In Bush v. Alliant Content, LLC, 2022 NY Slip Op 22199 (NY Sup. Ct. Westchester Cty. July 5, 2022), the court ruled on an issue that became particularly relevant during the COVID pandemic, namely, whether a deposition – a proceeding, part of the “discovery” process in civil litigation, comprising the interposition of real-time questions to a witness who answers said questions under oath – must be conducted in-person, or may be conducted remotely.
Here, the plaintiff seeks, over defendant’s objection, to appear for her deposition remotely, on the ground that she is at high risk for covid because she is not vaccinated and a recent cancer survivor.
On this point, the operative statute is Rule 3113 of the New York Civil Practice Law and Rules (CPLR), which provides: in part:
(d) The parties may stipulate that a deposition be taken by telephone or other remote electronic means and that a party may participate electronically. The stipulation shall designate reasonable provisions to ensure that an accurate record of the deposition is generated, shall specify, if appropriate, reasonable provisions for the use of exhibits at the deposition; shall specify who must and who may physically be present at the deposition; and shall provide for any other provisions appropriate under the circumstances. Unless otherwise stipulated to by the parties, the officer administering the oath shall be physically present at the place of the deposition and the additional costs of conducting the deposition by telephonic or other remote electronic means, such as telephone charges, shall be borne by the party requesting that the deposition be conducted by such means.
The court explained this rule, and how it applies here:
Notwithstanding CPLR 3113(d), which contemplates that depositions will be held in person and remote depositions may be held upon stipulation of the parties, there is no bright-line rule that precludes a court from requiring the parties to conduct remote depositions over the objection of one party. [T]he court may at any time on its own initiative, or on motion of any party make a protective order denying, limiting, conditioning or regulating the use of any disclosure device (CPLR 3103 [a]). When a court is called upon to determine whether remote depositions shall be held in lieu of in-person depositions, the standard to be applied is whether a party demonstrates that conducting his or her deposition in-person would cause undue hardship.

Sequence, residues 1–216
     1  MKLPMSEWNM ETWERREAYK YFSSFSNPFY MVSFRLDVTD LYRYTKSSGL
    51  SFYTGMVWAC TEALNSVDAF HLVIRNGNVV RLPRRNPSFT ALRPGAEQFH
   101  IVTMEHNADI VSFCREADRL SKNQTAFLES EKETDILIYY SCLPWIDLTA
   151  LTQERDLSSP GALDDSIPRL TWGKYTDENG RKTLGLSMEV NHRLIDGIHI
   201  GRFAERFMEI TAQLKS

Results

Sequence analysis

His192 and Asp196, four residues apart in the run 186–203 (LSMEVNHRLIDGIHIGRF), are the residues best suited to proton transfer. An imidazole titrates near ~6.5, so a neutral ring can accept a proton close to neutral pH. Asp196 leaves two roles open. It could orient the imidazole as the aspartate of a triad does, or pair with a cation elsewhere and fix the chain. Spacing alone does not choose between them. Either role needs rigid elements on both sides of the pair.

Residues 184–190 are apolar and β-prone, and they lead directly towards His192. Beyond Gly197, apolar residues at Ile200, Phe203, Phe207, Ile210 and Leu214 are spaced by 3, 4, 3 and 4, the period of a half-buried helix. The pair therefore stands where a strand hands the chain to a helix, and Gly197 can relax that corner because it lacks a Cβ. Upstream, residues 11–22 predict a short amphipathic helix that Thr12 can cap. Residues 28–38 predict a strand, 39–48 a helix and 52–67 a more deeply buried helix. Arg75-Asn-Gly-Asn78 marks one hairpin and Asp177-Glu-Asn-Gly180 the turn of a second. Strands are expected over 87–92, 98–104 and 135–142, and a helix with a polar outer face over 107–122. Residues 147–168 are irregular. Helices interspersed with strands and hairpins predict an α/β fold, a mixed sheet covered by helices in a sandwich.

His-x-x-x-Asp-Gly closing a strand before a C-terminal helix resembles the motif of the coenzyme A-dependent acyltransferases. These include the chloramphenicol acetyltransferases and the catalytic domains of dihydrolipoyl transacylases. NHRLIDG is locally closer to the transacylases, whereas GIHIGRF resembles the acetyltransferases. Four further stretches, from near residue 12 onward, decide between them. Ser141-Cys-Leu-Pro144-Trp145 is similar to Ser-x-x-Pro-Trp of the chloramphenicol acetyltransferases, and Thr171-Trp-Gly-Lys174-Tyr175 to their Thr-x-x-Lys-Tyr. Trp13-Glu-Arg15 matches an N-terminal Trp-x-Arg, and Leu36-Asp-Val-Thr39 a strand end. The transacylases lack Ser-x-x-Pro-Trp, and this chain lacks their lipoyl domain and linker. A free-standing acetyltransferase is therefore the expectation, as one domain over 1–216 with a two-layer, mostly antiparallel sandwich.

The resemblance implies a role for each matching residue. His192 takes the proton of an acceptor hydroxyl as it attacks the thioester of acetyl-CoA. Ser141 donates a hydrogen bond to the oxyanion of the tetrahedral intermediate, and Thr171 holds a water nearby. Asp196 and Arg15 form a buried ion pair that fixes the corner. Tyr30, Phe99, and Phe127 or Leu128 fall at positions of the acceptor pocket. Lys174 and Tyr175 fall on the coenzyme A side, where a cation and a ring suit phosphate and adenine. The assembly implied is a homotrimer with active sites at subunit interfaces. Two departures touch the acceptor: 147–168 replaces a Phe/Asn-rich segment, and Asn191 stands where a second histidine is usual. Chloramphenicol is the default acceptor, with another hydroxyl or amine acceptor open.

It has been held by courts that forcing a party to appear for an in-person deposition would create an undue hardship considering the circumstances surrounding the ongoing pandemic. However, as time progresses, we have learned ways to protect ourselves and others to prevent the spread of Covid-19 and can take measures to put protections in place so as to conduct in person proceedings, including depositions. Here, plaintiff claims undue hardship due to her being unvaccinated and a recent cancer survivor. Nevertheless, protections can be put into place, as it appears the plaintiff has at her current in person job; thus, under the circumstances here, undue hardship has not been established.
The court elaborated on the protections that must be employed for plaintiff’s in-person deposition, including that it be held in “a large enough conference room so that each individual is spaced at least three feet apart,” and the use of glass or plastic partitions to separate the participants.